To date, Volkswagen Group has already donated several hundred thousand medical face masks to Germany’s health system, and the company will also be donating other medical supplies, including masks and protective clothing worth roughly 40 million euros.
The Ford Motor Company is another automotive company undertaking a multifaceted approach to COVID-19 support. The company is leveraging its in-house 3D printing capacity to produce components for PPE, including over 100,000 face shields per week. Beyond 3D printing, the company has also partnered with 3M and GE Healthcare to help scale up production capabilities for medical equipment and necessary supplies using its expansive manufacturing capacity. Notably, Ford is working with GE Healthcare to produce 50,000 simplified ventilators within the next 100 days.
In the production of PPE parts, Ford will rely on additive manufacturing technologies at its Advanced Manufacturing Center in Redford, Michigan. The first face shields were tested last week at Detroit Mercy, Henry Ford Health Systems and Detroit Medical Center Sinai-Grace hospitals. Ford subsidiary Troy Design and Manufacturing will assist in the production of the face shields, allowing for weekly production rates of about 100,000 units.
On March 27, 2020, German automotive brand Mercedes Benz (a division of Daimler AG) announced it would aid in the production of 3D printed medical devices. The company says its extensive AM capacity, which is used to print up to 150,000 plastic and metal components every year, can support production where needed. Available technologies include FDM, SLA, SLS and even SLM.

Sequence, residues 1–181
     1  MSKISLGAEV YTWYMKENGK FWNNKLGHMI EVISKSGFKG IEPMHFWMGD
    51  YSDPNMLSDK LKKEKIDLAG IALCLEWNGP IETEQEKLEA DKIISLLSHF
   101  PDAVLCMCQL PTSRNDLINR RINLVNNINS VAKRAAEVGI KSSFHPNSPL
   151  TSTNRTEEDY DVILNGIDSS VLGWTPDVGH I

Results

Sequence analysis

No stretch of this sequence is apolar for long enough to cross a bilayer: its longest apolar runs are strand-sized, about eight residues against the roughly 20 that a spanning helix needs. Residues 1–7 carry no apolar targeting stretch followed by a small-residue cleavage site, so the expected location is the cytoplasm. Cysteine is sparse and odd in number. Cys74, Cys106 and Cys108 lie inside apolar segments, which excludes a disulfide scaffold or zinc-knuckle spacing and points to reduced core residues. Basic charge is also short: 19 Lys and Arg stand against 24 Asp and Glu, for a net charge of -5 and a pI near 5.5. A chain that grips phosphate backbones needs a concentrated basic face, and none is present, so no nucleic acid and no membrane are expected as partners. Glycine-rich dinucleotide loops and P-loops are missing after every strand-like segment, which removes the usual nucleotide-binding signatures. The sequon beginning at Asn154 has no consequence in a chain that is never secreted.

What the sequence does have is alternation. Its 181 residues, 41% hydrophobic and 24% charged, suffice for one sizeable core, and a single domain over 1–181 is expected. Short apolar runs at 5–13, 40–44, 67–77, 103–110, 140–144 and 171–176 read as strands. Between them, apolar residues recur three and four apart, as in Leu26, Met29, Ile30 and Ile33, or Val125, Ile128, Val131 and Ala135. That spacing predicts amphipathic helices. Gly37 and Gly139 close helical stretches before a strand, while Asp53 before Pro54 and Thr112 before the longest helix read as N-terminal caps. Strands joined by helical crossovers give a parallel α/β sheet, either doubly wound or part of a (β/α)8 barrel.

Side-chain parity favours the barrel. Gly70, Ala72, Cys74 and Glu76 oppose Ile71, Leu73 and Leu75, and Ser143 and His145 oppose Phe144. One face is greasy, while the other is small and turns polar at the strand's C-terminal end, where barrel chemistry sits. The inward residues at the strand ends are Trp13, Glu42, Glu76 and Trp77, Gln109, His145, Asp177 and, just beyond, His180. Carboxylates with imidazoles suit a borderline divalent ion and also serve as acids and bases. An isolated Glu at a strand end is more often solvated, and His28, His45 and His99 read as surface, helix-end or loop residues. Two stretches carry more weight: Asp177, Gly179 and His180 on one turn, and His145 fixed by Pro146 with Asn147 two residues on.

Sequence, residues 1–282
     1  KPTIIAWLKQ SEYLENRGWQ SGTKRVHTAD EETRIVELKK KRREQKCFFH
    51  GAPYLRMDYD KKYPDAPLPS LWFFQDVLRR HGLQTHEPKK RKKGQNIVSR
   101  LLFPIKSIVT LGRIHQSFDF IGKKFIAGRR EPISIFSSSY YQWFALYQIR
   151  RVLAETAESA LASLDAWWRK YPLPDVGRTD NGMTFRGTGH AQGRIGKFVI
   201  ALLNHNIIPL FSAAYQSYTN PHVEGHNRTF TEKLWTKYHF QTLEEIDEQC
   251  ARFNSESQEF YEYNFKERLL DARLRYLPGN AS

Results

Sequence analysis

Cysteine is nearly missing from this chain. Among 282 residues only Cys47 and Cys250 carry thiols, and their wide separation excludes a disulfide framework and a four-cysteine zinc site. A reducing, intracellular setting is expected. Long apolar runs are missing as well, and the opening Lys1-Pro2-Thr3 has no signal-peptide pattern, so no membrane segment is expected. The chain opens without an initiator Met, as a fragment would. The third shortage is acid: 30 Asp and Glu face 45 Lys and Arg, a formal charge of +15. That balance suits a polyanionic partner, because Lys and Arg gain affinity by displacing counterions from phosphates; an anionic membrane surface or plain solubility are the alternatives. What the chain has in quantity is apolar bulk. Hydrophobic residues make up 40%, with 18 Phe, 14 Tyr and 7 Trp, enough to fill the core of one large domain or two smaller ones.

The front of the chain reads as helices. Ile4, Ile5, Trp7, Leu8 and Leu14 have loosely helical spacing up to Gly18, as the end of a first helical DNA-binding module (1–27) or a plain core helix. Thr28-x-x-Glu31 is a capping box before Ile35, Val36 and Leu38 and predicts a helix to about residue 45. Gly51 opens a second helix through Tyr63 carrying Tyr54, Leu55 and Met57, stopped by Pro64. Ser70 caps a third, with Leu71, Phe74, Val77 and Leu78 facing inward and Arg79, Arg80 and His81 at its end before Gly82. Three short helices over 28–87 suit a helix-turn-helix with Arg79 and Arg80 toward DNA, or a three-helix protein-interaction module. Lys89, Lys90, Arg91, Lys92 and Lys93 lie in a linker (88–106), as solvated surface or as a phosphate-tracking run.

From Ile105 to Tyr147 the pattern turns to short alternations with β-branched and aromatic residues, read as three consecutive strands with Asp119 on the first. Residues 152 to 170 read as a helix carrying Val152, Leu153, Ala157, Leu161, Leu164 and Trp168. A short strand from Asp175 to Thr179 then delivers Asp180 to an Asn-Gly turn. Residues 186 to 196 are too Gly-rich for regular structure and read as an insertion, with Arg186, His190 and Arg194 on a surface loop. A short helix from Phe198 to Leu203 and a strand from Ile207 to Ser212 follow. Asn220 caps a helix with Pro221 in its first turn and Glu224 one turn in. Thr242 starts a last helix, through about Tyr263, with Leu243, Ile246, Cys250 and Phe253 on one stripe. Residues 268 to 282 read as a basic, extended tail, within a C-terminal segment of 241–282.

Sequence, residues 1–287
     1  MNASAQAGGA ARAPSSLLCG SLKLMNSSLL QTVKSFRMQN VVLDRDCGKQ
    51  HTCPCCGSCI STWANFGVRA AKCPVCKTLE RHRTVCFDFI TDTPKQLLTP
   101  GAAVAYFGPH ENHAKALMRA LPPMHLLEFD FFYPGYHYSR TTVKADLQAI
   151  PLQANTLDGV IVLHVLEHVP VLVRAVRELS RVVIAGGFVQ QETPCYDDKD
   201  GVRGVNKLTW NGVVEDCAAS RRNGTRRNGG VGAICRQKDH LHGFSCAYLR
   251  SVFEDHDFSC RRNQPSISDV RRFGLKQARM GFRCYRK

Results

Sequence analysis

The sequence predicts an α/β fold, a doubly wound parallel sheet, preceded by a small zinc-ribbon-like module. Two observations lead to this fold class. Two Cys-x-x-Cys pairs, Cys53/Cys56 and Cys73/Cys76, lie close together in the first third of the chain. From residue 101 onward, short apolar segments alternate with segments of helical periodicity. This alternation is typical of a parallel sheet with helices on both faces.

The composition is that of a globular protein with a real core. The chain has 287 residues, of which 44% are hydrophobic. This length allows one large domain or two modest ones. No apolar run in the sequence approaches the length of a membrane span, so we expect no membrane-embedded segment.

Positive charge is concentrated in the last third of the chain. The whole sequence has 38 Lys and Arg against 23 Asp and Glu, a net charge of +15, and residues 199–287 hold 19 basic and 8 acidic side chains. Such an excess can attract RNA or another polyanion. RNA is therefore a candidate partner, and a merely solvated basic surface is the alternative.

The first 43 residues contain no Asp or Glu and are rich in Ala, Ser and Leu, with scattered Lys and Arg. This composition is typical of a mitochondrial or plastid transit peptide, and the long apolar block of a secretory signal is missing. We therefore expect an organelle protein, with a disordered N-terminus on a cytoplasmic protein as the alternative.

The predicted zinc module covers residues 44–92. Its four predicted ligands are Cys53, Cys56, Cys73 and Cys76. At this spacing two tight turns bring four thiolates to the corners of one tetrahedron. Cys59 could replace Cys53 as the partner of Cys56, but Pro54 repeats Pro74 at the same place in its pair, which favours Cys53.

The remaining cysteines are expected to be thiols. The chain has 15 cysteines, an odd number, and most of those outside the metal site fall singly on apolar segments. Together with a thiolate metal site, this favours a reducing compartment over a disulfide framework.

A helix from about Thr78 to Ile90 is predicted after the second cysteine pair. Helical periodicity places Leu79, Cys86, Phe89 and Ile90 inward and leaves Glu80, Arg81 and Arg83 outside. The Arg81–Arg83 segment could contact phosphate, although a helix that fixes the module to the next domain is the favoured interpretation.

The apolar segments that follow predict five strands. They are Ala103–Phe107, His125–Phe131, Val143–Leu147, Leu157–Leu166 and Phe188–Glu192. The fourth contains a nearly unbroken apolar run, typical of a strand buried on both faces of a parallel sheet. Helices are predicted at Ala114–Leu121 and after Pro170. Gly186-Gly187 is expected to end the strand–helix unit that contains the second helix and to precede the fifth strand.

“With our highly competent team and years of experience in 3D printing technology, we are ready to make our contribution to the production of medical devices,” said Jörg Burzer, Member of the Board of Management of Mercedes-Benz AG, Production and Supply Chain. “To this end, we are also in contact with the state government of Baden-Württemberg. Our expertise and specialist knowledge is available for production; now it is up to the medical technology sector to contact us. Our 3D printers are definitely available.”
It is not clear whether Mercedes Benz is currently producing parts, but it has offered up its resources to healthcare providers.
Though General Motors has not revealed if it is working with additive manufacturing in its efforts to support COVID-19 relief, we’d like to highlight a couple of projects it is working on. For one, the automotive company has started production of Level 1 surgical masks and expects to deliver the first 20,000 masks to frontline workers as soon as next week. The masks are being produced at the ISO Class 8-equivalent cleanroom at GM’s manufacturing plant in Warren, Michigan.
GM also announced a partnership with Ventec Life Systems to support the production of VOCSN critical care ventilators at its Kokomo, Indiana facility. The FDA-approved ventilators are expected to be ready to ship later this month. Eventually, the companies say they will have the capacity to produce at least 10,000 critical care ventilators per month.
Other automotive companies have paused or shut down production at their plants for the safety of workers.